Advertisement

Results of AI vary for radiologists from helping to hindering accuracy

By Dennis Thompson, HealthDay News
The benefits of AI vary from doctor to doctor, and in some cases it can interfere with a radiologist's performance and accuracy, a new study shows. Photo by Adobe Stock/HealthDay News
The benefits of AI vary from doctor to doctor, and in some cases it can interfere with a radiologist's performance and accuracy, a new study shows. Photo by Adobe Stock/HealthDay News

Artificial intelligence tools don't always help radiologists better review a patient's X-rays or CT scans, a new study claims.

AI has been touted as a potential means of improving doctors' ability to interpret medical images, the researchers said.

Advertisement

However, the benefits of AI vary from doctor to doctor, and in some cases it can interfere with a radiologist's performance and accuracy, results show.

"We find that different radiologists, indeed, react differently to AI assistance - some are helped, while others are hurt by it," said co-senior researcher Pranav Rajpurkar, an assistant professor of biomedical informatics in the Blavatnik Institute at Harvard Medical School.

The results indicate that AI developers need to better understand how doctors interact with the programs, researchers said. That way, AI can be adjusted to boost human performance rather than hinder it.

"What this means is that we should not look at radiologists as a uniform population and consider just the 'average' effect of AI on their performance," Rajpurkar said in a Harvard news release. "To maximize benefits and minimize harm, we need to personalize assistive AI systems."

Advertisement

For the study, researchers tracked how AI affected the performance of 140 radiologists in 15 diagnostic tasks associated with X-ray images.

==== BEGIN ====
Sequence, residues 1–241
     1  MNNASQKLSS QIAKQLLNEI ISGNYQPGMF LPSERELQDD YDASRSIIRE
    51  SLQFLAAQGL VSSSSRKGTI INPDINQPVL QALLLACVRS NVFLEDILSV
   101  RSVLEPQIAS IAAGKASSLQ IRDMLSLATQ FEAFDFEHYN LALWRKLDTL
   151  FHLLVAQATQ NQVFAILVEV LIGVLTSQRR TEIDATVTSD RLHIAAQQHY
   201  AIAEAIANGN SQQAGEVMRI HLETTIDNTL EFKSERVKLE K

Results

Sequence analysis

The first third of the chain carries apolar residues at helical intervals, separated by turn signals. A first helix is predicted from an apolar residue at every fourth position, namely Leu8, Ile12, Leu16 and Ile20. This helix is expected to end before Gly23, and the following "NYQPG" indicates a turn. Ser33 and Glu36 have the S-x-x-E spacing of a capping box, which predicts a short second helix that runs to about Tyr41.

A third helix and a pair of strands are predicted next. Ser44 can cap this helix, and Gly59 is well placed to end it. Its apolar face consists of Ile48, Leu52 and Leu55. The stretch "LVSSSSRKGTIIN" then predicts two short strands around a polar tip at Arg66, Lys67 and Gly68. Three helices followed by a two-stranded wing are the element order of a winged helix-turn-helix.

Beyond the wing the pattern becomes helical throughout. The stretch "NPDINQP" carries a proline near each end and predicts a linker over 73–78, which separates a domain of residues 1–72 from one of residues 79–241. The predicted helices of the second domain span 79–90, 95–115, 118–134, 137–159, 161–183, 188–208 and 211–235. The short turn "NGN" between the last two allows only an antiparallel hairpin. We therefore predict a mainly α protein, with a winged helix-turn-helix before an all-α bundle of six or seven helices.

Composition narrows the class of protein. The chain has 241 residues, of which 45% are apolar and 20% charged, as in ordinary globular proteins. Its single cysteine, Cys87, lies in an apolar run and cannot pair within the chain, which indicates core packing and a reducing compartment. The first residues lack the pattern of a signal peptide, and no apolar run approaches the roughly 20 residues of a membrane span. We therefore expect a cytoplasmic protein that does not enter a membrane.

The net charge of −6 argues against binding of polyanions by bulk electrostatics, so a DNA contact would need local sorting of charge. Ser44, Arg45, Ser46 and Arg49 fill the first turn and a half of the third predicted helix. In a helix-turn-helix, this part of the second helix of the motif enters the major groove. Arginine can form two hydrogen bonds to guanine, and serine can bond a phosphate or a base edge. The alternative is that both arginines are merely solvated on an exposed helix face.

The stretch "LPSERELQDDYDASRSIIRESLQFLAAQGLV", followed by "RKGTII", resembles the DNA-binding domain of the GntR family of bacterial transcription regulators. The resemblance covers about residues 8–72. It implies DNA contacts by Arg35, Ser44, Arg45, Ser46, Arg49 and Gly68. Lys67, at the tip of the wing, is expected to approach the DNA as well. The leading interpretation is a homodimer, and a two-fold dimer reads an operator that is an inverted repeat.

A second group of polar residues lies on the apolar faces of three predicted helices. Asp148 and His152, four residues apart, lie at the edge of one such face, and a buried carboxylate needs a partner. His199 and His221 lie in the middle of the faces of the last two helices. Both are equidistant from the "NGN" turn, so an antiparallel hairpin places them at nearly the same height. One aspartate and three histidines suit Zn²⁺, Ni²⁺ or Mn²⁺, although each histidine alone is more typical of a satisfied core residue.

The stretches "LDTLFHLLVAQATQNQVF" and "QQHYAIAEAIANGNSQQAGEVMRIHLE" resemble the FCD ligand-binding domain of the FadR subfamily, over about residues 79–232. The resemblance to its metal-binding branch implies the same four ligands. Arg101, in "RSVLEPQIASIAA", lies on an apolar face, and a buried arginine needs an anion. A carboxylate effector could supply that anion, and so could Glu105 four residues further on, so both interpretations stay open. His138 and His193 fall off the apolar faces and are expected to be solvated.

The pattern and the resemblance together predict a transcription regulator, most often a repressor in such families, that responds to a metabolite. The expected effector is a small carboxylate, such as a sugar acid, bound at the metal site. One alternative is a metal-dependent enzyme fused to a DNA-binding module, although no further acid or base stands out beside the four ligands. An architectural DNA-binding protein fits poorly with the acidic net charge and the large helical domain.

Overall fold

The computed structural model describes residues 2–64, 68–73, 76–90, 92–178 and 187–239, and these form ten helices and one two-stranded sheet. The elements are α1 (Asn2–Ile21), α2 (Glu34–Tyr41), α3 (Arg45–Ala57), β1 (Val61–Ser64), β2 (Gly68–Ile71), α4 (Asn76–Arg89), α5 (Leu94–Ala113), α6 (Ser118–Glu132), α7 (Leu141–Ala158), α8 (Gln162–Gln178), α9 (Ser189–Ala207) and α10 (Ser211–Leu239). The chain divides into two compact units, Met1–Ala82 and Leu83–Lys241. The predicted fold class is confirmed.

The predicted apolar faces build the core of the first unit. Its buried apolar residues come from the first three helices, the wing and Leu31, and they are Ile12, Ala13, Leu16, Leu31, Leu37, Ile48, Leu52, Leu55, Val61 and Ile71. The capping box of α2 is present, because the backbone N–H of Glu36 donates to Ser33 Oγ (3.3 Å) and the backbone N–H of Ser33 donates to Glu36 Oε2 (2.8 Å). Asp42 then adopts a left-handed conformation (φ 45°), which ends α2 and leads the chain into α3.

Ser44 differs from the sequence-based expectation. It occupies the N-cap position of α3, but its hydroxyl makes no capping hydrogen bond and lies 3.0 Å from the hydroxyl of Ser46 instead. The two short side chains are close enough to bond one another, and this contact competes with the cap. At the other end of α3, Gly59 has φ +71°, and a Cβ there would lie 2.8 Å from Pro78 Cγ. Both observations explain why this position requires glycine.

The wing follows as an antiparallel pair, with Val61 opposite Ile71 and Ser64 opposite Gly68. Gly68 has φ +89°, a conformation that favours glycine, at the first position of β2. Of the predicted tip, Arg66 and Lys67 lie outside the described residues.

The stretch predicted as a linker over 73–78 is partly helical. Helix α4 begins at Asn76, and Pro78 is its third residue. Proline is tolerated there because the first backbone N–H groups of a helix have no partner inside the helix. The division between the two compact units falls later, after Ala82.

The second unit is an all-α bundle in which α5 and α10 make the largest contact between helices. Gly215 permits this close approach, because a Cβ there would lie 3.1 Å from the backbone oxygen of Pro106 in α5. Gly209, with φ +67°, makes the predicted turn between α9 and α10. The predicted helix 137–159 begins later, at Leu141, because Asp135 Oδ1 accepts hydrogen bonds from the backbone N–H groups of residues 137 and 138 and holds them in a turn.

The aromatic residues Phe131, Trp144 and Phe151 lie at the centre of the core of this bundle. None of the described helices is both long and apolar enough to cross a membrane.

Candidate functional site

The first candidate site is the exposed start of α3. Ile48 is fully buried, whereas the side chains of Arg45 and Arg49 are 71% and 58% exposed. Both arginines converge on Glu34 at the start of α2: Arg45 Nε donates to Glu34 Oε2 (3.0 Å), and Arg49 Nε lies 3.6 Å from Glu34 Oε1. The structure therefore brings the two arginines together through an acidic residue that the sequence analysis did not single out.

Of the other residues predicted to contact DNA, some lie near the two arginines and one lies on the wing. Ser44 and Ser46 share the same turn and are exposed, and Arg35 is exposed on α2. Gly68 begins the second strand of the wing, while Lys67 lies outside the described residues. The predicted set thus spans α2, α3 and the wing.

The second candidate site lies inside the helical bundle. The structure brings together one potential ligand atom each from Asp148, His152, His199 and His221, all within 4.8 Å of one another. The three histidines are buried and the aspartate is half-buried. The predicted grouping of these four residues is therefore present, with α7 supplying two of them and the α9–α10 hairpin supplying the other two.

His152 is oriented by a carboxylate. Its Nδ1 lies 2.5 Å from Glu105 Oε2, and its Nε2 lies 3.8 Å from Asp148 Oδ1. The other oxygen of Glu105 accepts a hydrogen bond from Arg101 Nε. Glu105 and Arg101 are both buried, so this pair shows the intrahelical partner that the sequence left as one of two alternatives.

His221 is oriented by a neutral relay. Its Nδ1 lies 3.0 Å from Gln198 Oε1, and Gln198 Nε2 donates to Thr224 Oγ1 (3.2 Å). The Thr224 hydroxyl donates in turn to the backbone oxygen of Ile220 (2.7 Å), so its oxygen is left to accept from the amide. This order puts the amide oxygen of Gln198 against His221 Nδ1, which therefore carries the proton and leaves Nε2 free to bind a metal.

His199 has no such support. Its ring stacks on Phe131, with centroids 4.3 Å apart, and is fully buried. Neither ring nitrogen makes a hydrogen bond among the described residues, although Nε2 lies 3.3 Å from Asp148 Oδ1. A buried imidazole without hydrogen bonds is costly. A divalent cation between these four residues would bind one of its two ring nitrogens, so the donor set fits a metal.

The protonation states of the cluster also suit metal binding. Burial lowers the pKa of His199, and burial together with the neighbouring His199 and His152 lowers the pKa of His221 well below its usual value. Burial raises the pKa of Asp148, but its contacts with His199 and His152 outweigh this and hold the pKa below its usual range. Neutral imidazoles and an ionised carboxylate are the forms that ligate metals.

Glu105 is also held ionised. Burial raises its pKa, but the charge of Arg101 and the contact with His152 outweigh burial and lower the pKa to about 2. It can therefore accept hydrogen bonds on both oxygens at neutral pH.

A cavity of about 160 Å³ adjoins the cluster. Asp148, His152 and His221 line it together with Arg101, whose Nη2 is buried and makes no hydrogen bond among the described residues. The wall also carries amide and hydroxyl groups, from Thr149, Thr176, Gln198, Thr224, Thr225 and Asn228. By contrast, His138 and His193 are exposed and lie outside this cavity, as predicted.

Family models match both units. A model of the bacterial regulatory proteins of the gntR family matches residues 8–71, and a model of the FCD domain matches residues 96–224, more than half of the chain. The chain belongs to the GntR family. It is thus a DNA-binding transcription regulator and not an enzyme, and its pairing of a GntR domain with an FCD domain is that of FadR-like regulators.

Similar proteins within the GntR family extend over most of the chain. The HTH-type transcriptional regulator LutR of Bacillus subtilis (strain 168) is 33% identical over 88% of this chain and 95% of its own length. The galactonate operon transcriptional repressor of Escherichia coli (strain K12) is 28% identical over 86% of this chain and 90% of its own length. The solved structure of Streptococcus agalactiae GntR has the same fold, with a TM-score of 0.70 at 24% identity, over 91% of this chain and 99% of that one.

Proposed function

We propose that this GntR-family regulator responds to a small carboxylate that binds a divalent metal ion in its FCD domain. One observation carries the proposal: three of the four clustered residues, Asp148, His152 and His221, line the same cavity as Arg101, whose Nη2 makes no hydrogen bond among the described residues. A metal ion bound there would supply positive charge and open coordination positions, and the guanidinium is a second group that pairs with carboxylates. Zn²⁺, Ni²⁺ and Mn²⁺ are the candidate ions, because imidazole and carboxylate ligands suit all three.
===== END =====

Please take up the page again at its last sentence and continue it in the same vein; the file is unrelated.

The radiologists were asked to assess 324 different patient cases involving 15 diseases that could be observed in chest X-rays, researchers said.

Researchers used advanced computer metrics to compare how doctors spotted and correctly identified diseases both with and without the assistance of AI.

They found that the effect of AI assistance was inconsistent and varied across radiologists. The programs improved performance in some doctors, and worsened it in others.

Surprisingly, researchers found that a doctor's personal experience in radiology did not reliably predict how well AI would help or hinder them.

Factors such as how many years of experience, specialization in chest radiology and whether they'd used AI before didn't consistently influence a doctor's performance, results showed.

Additionally, doctors who were not good at reading X-rays did not benefit consistently from AI assistance. Overall, lower-performing radiologists read X-rays poorly with or without AI, researchers found.

However, researchers found that more accurate AI tools tended to boost doctors' performance, while programs that aren't as good can get in the way of a proper diagnosis.

The study wasn't designed to explain why AI tools aren't always helpful to radiologists, researchers noted.

Advertisement

The new study was published Tuesday in the journal Nature Medicine.

The research team said AI programmers would do well to work with doctors who use their tools to make them more helpful, and to test the tools in experiments that can better hone their effectiveness.

Importantly, AI developers should make sure that their programs can "explain" their decisions, so doctors will be able to better detect inaccurate diagnoses, researchers said.

"Our research reveals the nuanced and complex nature of machine-human interaction," said co-senior author Nikhil Agarwal, a professor of economics at MIT. "It highlights the need to understand the multitude of factors involved in this interplay and how they influence the ultimate diagnosis and care of patients."

More information

NYU Langone Health has more about AI in imaging.

Copyright © 2024 HealthDay. All rights reserved.

Latest Headlines